Many modelers take great pride in seeing something they have built successfully take off and fly then come in for a smooth landing. For one AMA member, one of his creations did just that—except its maiden flight took place on Mars.
“I would never have imagined as a kid having something that I built land on another planet,” Matt Keennon, project manager for AeroVironment, Inc., said from his office in Simi Valley, California. Matt helped design, test, and build Ingenuity, a roughly 4-pound helicopter that made its first flight on Mars April 19, 2021, at 3:34 a.m. EDT.
Until April 3, the helicopter was attached to the belly of the Perseverance rover. Perseverance was launched from Cape Canaveral Air Force Station on Cape Canaveral in Brevard County, Florida, to Mars via a rocket on July 30, 2020.
“The rover landed on Mars on February 18,” Matt explained. “From then until now, the rover has been going through specific stations, getting itself commissioned, [etc.].” When interviewed April 1, Matt shared that Perseverance had deployed all of its legs and rotated into a vertical position. On April 3, NASA posted a photo of Ingenuity on Mars’ surface. On April 4, a photo taken by Ingenuity of the floor of the Jezero Crater and of two wheels of the Perseverance Mars rover was posted. Additional photos and videos can be viewed at https://mars.nasa.gov/mars2020/.
After the helicopter was released, Perseverance moved away from it to complete other tasks. “This is the first time that this has been done,” Matt said about the NASA mission. “It’s several days between the day the heli drops and the first flight.” The helicopter’s battery is solar powered, so it will need to stay on Mars’ surface to charge its Li-Ion batteries before each flight can take place. In addition to the maiden, four preprogrammed flights are planned for the aircraft, Matt added. The batteries should provide enough energy for one 90-second flight per Martian day, according to NASA.
Designing, building, and testing the helicopter was a group effort, which was led overall by JPL. “It’s a group project model helicopter, basically,” Matt stated. Former AMA member and fellow micro RC aircraft designer, Ben Pipenberg, was the chief designer and design engineer for the Ingenuity project. “He did the most design and fabrication work. This was his first big professional project. He rose to the challenge and kind of took the lead,” Matt said. “He led the mechanical team. I led the team overall in electronics and other aspects. The main part of the build was mechanical.” JPL did all of the avionics, the battery pack, the power systems, flight controls, software, navigation, radio systems, etc. Other contractors were also involved with the project.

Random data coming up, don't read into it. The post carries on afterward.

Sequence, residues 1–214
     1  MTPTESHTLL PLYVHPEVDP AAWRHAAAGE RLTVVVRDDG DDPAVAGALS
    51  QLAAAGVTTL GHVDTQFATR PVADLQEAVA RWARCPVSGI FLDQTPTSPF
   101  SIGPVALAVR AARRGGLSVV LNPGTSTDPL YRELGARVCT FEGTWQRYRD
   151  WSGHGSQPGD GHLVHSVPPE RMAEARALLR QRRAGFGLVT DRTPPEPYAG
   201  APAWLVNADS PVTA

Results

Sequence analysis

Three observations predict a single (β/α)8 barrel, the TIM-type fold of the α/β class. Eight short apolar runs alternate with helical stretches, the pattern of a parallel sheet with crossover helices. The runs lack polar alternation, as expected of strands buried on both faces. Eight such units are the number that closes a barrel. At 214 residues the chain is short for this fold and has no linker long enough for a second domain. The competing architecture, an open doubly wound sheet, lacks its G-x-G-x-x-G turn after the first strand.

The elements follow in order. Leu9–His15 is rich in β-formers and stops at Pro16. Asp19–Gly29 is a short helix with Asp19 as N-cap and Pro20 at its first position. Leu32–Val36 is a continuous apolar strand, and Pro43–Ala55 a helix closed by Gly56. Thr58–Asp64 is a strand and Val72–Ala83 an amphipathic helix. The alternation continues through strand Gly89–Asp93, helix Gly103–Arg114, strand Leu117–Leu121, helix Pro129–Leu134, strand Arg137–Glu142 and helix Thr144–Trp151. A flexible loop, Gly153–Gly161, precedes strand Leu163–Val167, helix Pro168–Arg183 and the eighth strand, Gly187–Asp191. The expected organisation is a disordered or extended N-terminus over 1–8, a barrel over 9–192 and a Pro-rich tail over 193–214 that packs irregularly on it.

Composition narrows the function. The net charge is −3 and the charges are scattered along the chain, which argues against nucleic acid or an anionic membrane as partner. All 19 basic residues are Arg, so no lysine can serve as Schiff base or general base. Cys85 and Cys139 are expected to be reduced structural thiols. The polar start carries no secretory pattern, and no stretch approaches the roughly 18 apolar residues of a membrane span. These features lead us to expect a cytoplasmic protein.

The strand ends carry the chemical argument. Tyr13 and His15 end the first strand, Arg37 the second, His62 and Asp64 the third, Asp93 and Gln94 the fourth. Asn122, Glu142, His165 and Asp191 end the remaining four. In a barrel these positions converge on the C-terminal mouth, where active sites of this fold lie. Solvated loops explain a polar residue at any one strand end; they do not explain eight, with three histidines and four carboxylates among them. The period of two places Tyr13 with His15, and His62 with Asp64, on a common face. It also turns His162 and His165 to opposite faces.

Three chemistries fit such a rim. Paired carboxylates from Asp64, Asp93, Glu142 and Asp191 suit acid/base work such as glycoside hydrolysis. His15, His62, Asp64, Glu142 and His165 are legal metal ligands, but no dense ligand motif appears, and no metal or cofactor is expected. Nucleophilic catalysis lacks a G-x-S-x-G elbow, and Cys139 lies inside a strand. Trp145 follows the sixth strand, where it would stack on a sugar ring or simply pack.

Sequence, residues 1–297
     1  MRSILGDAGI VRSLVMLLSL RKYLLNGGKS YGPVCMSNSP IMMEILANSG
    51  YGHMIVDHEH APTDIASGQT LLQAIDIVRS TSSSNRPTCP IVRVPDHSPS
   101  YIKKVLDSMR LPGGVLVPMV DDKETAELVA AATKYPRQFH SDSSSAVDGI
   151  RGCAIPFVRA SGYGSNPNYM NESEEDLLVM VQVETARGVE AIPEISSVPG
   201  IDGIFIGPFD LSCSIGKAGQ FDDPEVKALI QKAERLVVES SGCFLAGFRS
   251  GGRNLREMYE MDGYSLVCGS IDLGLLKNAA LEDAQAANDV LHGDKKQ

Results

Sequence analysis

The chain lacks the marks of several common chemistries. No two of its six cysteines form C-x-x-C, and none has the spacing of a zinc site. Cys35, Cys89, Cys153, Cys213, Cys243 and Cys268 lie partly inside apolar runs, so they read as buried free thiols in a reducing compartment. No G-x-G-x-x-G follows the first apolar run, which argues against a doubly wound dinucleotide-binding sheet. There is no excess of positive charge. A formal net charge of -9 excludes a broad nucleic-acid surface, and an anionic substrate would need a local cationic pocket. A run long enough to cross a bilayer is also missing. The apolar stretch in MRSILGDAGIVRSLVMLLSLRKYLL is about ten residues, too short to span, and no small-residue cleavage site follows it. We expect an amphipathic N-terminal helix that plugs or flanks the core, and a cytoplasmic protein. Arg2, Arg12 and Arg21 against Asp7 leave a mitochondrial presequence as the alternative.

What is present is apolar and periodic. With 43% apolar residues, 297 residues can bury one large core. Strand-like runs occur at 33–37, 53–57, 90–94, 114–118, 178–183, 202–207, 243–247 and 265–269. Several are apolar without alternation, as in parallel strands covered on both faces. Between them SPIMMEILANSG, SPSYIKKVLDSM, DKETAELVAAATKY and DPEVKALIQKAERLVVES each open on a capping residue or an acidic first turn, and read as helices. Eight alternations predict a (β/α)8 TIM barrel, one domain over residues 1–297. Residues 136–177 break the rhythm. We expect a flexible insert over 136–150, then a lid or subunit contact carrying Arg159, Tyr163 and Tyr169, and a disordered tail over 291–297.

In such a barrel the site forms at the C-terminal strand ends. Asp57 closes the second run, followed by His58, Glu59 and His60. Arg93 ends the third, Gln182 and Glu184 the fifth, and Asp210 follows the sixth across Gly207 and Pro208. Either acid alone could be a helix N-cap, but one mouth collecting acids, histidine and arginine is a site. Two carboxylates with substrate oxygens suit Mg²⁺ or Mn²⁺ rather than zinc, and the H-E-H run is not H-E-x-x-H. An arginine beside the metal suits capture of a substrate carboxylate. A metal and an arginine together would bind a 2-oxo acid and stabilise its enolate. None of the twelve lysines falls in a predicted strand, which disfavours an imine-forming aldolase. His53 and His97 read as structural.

Other AMA members and/or model builders are employed by AeroVironment, Inc, which was hired by NASA (JPL) at the California Institute of Technology (Caltech) to develop the helicopter, Matt added. In fact, his love of model aviation is what helped him get the job.
Matt was recruited in 1995 while at a Flight Masters Scale Rubber-Powered Free Flight event at Mile Square Regional Park in Orange County, California. He attended the contest so that he could meet up with his former middle school model aviation class teacher, Bill Warner. “I wanted to show [Bill] some things I had developed.” Martyn Cowley, who was working for AeroVironment at the time, was also at the event.
“We were just milling around and mingling, and I was showing Bill Warner my stuff,” Matt stated about that day. [Martyn] kind of listened in” and asked Matt if he had an interest in aeronautics. “He encouraged me to apply for a job at AeroVironment.
“So, I came in for the interview and that was quite a day.” Matt remembers that he brought an RC blimp, rubber band-powered helicopters, and other aircraft to the interview. “It was pretty much a perfect fit for me.”
Matt began working on Ingenuity in 2014. “I ran a demonstration showing that the heli could generate enough thrust to operate on Mars. We built a small helicopter on a test stand that would move vertically on rails. [The demonstration was] done in a JPL chamber in Mars’ gravity. That was successful—that showed it was fundamentally promising.
“I led the effort to build subscale model helis that were 12 inches in diameter using RC model parts,” Matt explained. “I did the piloting for those small models. They got off the ground, but they weren’t controllable, and kind of took off and flew to the side. We eventually busted both of those. That led to another demonstration (and more prototypes).”
The helicopter that is currently on Mars has carbon-fiber blades that span 4 feet from tip to tip. A small swatch of the fabric that covered the wing of Wright Flyer 1, designed and built by the Wright brothers, is wrapped around a cable that is located underneath the helicopter’s solar panel.
Matt reflected on the historic flight after it took place. “At the moment we heard that Ingenuity passed through its commanded steps of spin-up, takeoff, climb, hover, rotate 96° in yaw, descend, touchdown, and spin down, I was completely over the moon ecstatic about the incredible success,” he stated.
—by Rachelle Haughn, firstname.lastname@example.org